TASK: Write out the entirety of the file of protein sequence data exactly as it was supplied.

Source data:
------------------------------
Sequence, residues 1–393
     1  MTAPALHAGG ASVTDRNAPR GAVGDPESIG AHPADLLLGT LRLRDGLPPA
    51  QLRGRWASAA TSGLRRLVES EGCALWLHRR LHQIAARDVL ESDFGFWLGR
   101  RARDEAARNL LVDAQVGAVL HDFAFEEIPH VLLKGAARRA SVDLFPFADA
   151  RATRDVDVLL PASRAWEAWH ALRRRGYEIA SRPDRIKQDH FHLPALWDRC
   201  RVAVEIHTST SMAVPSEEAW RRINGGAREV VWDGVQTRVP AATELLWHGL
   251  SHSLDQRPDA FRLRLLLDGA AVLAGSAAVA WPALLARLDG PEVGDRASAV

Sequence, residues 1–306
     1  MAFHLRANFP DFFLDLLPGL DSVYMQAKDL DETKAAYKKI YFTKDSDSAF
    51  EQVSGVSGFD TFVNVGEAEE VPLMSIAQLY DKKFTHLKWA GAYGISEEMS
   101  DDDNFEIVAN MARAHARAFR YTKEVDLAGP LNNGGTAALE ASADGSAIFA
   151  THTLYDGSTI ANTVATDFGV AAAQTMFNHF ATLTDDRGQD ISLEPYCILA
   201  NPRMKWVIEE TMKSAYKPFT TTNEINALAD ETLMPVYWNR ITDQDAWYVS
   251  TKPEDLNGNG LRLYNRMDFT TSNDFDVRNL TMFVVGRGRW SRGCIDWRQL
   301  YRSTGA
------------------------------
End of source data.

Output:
Sequence, residues 1–393
     1  MTAPALHAGG ASVTDRNAPR GAVGDPESIG AHPADLLLGT LRLRDGLPPA
    51  QLRGRWASAA TSGLRRLVES EGCALWLHRR LHQIAARDVL ESDFGFWLGR
   101  RARDEAARNL LVDAQVGAVL HDFAFEEIPH VLLKGAARRA SVDLFPFADA
   151  RATRDVDVLL PASRAWEAWH ALRRRGYEIA SRPDRIKQDH FHLPALWDRC
   201  RVAVEIHTST SMAVPSEEAW RRINGGAREV VWDGVQTRVP AATELLWHGL
   251  SHSLDQRPDA FRLRLLLDGA AVLAGSAAVA WPALLARLDG PEVGDRASAV

Sequence, residues 1–306
     1  MAFHLRANFP DFFLDLLPGL DSVYMQAKDL DETKAAYKKI YFTKDSDSAF
    51  EQVSGVSGFD TFVNVGEAEE VPLMSIAQLY DKKFTHLKWA GAYGISEEMS
   101  DDDNFEIVAN MARAHARAFR YTKEVDLAGP LNNGGTAALE ASADGSAIFA
   151  THTLYDGSTI ANTVATDFGV AAAQTMFNHF ATLTDDRGQD ISLEPYCILA
   201  NPRMKWVIEE TMKSAYKPFT TTNEINALAD ETLMPVYWNR ITDQDAWYVS
   251  TKPEDLNGNG LRLYNRMDFT TSNDFDVRNL TMFVVGRGRW SRGCIDWRQL
   301  YRSTGA